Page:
13. 13. Source: Zweig, Your Money & Your Brain; Grants Interest Rate Observer, Bennett Goodspeed, The Tao Jones (1984) discussed “The articulate incompetents:” • Expert forecasters do no better than the average member of the public; • The more confident an expert sounds, the more likely he is to be believed by TV viewers • Experts who acknowledge that the future is inherently unknowable are perceived as being uncertain – and therefore less trustworthy. (Isaiah Berlin: Hedgehog vs Fox) • The more self-confident an expert appears, the worse their track record is likely to be. • Forecasters who get a single big outlier correct are more likely to underperform the rest of the time. “Expert” Forecasting versus Ambiguous Uncertainty
  14. 14. 1. We tend to read that which we agree with; We avoid that which disagrees with our preconceived biases, notions or ideologies; 2. Our biases change the way we perceive objects – literally, the way we see the world. 3. The same biases affect our memories – we retain less of what we disagree with . . . 4. Expectations Affect Perception Selective Perception & Retention   Confirmation Bias
  15. 15. Source:, WSJ WSJ: 2007 WSJ: 2010 Beware the Recency Effect
  16. 16. Source:, Fortune, Time Time, June 2005 Fortune, June 2005 What Just Happened vs. What is Going to Happen
  17. 17. Source: These are poorly designed tax cuts - Stay Out of Markets! 2003: Politics and Asset Management Don’t Mix
  18. 18. Source:, 2003 Tax Cuts > $1 Trillion How did that political trade – up over 90% over 4 years – work out for you . . . ? 2003: Politics and Asset Management Don’t Mix
  19. 19. Source:, Obama is a Socialist! Stay Out of Markets! 2009: Political Investing
  20. 20. Source:, FASB 157, ZIRP, QE +VERY Oversold Markets The political trader missed the best rally in a generation – Up 140% over 50 months 2009: Politics and Asset Management Don’t Mix
  21. 21. 1. Emotions change the way we perceive events (e.g., Sports) 2. “Buy to the sound of cannons, sell to the sound of trumpets.” -Attributed to British banker Nathan Mayer Rothschild, during the Napoleonic wars “Buy the Rumor, Sell the News” 3. Anticipation vs. Rewards: Is it in the Stock or in the Brain? Emotions Affect Investment Decisions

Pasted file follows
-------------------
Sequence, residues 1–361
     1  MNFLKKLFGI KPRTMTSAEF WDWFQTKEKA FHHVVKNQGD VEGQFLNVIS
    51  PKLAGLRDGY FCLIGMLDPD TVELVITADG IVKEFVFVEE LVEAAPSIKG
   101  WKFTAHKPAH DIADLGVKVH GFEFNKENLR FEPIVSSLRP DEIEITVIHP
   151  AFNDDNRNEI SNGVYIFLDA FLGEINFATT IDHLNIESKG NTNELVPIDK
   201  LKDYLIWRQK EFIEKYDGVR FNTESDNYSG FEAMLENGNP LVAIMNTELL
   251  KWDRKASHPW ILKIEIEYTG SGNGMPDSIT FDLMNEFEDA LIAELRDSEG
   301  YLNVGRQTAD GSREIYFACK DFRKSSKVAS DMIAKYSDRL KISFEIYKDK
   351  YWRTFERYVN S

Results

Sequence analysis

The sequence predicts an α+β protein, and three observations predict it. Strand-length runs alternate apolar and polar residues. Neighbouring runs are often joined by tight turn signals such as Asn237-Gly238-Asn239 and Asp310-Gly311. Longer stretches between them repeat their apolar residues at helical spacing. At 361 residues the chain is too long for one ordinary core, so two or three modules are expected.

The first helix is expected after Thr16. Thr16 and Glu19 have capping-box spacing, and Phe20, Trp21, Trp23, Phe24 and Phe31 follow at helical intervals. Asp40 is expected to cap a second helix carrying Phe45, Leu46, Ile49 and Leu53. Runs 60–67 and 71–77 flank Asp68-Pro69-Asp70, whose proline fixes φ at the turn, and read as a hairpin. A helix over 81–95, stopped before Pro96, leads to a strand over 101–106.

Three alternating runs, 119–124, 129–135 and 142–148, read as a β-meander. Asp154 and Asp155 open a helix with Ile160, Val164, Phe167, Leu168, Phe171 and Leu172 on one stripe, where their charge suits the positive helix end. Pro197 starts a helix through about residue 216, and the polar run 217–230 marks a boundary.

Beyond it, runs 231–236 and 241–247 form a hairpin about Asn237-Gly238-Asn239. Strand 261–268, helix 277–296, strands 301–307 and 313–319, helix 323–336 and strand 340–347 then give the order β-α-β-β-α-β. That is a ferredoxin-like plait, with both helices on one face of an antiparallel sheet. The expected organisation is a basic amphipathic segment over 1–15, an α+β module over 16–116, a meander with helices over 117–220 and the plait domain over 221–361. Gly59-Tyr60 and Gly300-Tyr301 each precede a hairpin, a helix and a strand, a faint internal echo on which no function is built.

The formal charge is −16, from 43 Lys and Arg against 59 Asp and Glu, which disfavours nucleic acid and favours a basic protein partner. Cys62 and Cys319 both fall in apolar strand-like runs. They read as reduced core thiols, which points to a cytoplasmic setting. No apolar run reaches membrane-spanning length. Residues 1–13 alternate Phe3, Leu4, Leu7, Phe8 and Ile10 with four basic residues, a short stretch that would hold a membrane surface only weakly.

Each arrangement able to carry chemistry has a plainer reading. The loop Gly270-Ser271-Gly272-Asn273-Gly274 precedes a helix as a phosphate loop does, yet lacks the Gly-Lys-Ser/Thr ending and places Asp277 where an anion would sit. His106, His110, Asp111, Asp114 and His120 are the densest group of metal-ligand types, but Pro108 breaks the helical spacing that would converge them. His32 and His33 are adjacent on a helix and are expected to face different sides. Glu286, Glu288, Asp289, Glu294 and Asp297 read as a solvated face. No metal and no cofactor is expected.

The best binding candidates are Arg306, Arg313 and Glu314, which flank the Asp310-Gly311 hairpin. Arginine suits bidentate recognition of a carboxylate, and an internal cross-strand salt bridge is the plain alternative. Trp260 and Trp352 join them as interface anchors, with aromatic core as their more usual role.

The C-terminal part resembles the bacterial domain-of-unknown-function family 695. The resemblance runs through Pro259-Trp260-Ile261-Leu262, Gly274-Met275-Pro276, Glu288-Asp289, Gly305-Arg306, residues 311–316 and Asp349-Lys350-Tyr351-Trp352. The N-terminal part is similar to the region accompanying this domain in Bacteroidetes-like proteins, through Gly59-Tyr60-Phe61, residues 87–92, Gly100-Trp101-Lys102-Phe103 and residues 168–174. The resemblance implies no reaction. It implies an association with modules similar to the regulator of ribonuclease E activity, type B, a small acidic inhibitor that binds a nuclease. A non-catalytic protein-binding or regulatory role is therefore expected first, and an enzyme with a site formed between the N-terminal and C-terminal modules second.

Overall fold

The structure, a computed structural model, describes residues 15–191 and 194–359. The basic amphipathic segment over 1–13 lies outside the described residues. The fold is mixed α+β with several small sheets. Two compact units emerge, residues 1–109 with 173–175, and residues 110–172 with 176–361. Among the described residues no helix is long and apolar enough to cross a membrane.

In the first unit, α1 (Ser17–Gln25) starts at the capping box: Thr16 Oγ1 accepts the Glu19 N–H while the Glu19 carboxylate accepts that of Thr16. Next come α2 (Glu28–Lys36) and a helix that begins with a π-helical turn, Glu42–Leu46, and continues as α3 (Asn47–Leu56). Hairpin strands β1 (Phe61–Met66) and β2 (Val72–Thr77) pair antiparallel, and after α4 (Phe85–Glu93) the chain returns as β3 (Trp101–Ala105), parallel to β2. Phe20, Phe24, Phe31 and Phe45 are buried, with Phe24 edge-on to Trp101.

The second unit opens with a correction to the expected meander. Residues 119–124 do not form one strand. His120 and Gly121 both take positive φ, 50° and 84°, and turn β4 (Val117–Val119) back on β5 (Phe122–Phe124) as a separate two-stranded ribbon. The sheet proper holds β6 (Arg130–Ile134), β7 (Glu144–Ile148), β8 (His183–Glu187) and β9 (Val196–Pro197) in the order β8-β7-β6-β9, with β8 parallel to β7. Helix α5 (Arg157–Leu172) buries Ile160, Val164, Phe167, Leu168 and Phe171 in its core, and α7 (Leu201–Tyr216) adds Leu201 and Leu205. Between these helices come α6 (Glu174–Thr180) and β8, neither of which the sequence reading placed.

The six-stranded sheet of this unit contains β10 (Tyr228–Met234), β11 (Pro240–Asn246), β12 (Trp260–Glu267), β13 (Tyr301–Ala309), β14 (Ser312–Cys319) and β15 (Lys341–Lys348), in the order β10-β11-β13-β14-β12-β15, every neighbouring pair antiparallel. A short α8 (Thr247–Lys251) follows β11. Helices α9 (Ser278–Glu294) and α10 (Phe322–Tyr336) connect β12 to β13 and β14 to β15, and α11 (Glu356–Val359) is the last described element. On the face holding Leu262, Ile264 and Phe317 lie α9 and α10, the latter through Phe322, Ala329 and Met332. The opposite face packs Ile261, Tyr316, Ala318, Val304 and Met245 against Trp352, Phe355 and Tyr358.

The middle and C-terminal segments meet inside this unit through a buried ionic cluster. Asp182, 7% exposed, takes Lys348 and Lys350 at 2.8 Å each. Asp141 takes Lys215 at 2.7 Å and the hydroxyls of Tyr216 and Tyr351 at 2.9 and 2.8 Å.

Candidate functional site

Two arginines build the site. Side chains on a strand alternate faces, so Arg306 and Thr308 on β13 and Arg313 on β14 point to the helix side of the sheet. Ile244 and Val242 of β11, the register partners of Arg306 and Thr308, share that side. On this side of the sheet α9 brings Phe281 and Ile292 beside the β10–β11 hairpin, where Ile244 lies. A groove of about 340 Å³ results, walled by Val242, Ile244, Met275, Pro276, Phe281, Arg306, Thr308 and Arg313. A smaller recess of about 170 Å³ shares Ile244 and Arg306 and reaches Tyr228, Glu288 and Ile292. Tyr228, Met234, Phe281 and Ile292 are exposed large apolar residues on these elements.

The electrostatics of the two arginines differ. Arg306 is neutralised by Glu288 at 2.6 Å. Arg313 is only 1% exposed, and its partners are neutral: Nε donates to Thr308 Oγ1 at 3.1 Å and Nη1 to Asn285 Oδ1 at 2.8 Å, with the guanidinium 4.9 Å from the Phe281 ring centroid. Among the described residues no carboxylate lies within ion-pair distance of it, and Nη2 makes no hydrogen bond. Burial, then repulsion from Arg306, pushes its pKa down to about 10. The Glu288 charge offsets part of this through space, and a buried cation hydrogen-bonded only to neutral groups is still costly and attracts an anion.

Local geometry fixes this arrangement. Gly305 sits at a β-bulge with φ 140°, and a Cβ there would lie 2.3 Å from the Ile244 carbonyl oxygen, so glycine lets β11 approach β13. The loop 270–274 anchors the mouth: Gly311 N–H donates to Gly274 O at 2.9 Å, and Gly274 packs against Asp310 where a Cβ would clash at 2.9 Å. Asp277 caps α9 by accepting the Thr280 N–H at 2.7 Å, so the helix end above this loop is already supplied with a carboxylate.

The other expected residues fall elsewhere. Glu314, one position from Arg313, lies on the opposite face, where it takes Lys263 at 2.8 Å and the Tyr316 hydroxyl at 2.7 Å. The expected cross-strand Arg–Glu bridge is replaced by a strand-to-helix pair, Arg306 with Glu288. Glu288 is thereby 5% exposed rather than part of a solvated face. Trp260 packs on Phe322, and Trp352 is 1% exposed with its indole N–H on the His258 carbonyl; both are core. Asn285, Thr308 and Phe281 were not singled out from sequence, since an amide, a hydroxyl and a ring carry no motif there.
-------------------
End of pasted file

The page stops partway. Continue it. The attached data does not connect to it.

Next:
22. 22. What does this mean for investors? • We have an Optimism bias (helps our survival). • Our brains are better at processing good news about the future than bad. • Anticipation of financial reward > than actual benefits (Buy Rumor, Sell News) • Gamblers, Alcoholics, Sex Addicts, Junkies, OA, Hyper-Traders = Dopamine High. A Species of Dopamine Addicts
  23. 23. A brief intro to Neuro Finance
  24. 24. If u cn rd ths . . .
  25. 25. This animation . . .   . . . is not an animation  
  26. 26. When it absolutely positively has to deceive your eyes overnight
  27. 27. Source:, Crestmont Research 100 Years of Secular Markets, P/E Expansion & Contraction Understanding the Long Cycle
  28. 28. The Narrative Fallacy Image by German photographer Thomas Hoepker, published in 2006 David Friend’s book, “Watching the World Change”
  29. 29. Source:, Morgan Stanley Europe Composite 19 Secular Bear Markets
  30. 30. Source: Sentiment Cycle
  31. 31. “We have met the enemy, and he is us.” -Walt Kelly, Pogo, 1971
  32. 32. Now I understand these cognitive issues, what can I do about them? Avoid making all the usual errors investors make!
  33. 33. 1. High Fees Are A Drag on Returns 2. Don’t Reach for Yield 3. Never Confuse Past Performance with Future Potential 4. Asset Allocation Matters More than Stock Picking 5. Passive vs. Active Management 6. The Future is Inherently Uncertain 7. Understand the Long Cycle 8. Be aware of your Cognitive Errors 9. Allow Compounding to work for you 10. You (and your Behavior) Are Your Own Worst Enemy Top 10 Investor Errors
  34. 34. Barry L. Ritholtz   Chief Investment Officer Ritholtz Wealth Management 90 Park Avenue, 18th floor New York, NY 10016 516-455-9122 for more information, please contact My favorite books on these subjects can be found at